If you want to use the humidifier in a room instead of a whole floor, you should first figure out how big the room is in square feet and then choose a machine that can cover 100-200 square feet.

feet bigger than that, so that no matter what amount of moisture output you choose.

There are a lot of different kinds and sizes of humidifiers on the market, so it shouldn’t be too hard to find one that fits your needs.

You can use a humidifier sizing tool to figure out how big of a humidifier you need for your needs.

Once you know the “Load / Gallons Per Day” for your home, you can choose a steam, flow through, or drum humidifier that is made to produce the Gallons Per Day that your home needs.

You can save money on your energy bills and reduce your carbon footprint by choosing a humidifier that uses less energy and is the right size for your room.

Choosing the Right Humidifier

Maintaining Healthy Humidity Levels for Energy Efficiency

The health, comfort, and quality of indoor areas are all affected by the quality of the air inside.

The amount of wetness in the air inside has a big effect on the quality of the air inside.

Most of the time, a hygrometer is used to measure humidity and record it as relative humidity.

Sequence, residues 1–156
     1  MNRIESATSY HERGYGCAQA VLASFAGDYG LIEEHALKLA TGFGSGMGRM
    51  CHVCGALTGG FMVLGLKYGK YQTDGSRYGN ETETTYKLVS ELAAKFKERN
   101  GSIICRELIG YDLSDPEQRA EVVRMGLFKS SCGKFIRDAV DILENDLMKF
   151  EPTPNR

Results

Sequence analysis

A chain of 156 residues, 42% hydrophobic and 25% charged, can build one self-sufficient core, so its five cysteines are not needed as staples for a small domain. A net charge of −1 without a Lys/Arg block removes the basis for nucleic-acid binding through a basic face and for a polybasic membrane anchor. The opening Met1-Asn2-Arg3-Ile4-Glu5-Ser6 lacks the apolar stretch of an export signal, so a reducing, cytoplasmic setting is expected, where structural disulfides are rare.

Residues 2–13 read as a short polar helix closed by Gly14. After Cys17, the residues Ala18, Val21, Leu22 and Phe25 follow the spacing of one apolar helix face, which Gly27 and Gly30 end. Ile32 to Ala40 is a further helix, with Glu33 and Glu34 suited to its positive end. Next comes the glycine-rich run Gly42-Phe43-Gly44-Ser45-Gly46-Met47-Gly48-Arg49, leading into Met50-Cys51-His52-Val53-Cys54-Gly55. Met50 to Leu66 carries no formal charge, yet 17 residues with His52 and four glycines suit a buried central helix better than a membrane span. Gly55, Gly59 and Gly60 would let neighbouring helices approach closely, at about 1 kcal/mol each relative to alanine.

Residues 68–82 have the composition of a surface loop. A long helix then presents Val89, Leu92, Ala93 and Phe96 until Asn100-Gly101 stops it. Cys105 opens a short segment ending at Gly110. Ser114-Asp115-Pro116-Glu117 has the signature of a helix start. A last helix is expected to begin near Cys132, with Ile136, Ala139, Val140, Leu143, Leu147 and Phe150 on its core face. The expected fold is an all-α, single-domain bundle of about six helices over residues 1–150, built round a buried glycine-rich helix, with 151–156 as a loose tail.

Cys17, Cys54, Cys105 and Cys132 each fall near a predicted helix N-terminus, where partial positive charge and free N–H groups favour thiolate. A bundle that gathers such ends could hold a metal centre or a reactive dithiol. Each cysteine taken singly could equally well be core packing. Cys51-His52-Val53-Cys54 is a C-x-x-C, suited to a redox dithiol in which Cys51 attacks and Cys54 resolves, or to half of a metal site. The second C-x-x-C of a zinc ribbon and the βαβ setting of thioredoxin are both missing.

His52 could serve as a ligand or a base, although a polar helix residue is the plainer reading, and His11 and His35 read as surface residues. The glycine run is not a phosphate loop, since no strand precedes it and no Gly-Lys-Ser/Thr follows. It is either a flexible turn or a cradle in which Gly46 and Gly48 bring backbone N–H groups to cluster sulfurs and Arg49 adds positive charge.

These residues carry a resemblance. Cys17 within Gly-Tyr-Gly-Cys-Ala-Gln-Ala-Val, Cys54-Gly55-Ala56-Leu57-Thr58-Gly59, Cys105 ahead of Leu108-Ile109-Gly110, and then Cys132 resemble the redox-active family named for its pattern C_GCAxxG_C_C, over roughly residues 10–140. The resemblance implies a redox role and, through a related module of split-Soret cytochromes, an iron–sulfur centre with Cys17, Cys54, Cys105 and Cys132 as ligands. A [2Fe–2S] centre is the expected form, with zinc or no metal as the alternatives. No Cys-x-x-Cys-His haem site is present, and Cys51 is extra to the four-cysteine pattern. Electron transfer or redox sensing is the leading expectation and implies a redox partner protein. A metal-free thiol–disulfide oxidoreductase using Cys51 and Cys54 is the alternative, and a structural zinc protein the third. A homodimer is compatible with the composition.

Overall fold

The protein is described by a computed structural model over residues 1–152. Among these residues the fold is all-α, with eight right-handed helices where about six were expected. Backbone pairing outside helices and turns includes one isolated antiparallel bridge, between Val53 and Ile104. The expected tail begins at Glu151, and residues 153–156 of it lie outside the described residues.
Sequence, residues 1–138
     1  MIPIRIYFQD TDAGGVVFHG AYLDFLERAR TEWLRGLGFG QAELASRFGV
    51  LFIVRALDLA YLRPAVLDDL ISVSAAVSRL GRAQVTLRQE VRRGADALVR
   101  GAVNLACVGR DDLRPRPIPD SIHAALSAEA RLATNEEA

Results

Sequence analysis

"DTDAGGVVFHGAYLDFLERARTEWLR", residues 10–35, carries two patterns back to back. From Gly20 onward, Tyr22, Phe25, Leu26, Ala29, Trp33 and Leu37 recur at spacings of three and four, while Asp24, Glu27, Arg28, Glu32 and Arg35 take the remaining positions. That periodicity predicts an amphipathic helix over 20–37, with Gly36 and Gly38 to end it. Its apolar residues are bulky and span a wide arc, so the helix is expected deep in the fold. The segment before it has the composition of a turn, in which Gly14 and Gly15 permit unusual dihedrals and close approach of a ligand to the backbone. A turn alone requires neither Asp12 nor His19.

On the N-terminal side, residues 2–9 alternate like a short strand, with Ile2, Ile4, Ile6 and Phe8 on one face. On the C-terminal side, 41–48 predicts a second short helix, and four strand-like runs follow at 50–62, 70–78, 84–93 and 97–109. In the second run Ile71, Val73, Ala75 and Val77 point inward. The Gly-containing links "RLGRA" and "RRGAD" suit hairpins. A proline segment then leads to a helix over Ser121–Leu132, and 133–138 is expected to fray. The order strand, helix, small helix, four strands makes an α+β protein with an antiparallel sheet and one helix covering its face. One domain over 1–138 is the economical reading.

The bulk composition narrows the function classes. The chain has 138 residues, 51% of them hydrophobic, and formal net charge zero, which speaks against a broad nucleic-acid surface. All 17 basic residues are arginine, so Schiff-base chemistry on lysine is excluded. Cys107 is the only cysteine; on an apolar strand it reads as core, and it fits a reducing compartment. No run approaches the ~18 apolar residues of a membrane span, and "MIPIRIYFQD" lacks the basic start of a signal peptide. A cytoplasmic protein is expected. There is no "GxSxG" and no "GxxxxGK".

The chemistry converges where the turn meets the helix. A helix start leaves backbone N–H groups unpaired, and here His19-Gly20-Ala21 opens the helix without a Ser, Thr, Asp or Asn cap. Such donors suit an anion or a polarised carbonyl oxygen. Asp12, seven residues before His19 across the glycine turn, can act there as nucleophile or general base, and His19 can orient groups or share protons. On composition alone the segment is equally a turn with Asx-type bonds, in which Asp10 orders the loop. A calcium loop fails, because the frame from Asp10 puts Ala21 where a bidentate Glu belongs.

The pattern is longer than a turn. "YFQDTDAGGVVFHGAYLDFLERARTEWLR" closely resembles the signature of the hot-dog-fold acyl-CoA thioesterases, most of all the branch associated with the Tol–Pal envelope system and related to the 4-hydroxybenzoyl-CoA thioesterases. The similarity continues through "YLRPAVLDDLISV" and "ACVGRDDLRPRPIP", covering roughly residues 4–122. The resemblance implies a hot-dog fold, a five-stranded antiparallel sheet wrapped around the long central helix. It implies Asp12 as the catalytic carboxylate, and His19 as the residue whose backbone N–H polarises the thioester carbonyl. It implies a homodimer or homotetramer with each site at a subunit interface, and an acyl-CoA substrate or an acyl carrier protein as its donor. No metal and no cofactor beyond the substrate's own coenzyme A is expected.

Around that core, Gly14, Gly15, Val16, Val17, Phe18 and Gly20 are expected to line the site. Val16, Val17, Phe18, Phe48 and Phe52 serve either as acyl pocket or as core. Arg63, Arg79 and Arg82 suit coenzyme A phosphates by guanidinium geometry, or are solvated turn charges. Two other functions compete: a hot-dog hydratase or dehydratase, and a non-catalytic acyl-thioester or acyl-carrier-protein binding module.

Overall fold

This is the percentage of water vapor in the air compared to the total amount of water vapor that air at a certain temperature can hold.

Effects of High Humidity Levels

Pollutants in the air can build up in places with high humidity, making the air quality worse.

Higher humidity can make materials easier to emit and speed up the rate at which they emit volatile organic chemicals.


VOCs are a group of chemicals that can hurt your health in the short and long run.

Effects of Poor Indoor Air Quality on Energy Consumption

Energy use can also be affected by the quality of the air inside.

When the air quality inside is bad, the HVAC system has to work harder to keep the temperature and humidity at a reasonable level.

This uses more energy.

For instance, if the air is too humid, the HVAC system has to work harder to get rid of the extra moisture, which can cause more energy to be used.